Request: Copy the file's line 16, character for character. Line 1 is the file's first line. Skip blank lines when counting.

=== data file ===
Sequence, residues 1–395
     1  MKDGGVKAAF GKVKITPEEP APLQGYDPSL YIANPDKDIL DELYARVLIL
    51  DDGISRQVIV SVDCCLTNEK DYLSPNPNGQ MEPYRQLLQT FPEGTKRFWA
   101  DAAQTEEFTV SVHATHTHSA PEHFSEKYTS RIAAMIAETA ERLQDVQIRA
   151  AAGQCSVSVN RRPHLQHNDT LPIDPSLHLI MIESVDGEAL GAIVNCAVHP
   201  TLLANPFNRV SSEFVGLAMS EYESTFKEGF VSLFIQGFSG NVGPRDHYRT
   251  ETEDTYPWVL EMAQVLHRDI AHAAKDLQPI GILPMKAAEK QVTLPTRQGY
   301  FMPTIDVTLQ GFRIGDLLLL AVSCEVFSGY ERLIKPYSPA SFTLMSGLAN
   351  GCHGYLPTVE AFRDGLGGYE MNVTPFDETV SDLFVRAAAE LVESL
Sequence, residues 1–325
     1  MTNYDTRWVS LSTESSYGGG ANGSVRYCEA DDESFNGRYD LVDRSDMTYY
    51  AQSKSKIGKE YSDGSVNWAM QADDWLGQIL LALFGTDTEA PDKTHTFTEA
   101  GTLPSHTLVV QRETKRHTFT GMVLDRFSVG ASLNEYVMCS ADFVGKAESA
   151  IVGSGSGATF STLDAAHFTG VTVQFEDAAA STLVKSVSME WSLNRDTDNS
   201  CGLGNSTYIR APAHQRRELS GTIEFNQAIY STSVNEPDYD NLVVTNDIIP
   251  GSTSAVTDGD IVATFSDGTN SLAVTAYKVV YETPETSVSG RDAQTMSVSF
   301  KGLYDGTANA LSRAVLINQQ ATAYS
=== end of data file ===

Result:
   251  GSTSAVTDGD IVATFSDGTN SLAVTAYKVV YETPETSVSG RDAQTMSVSF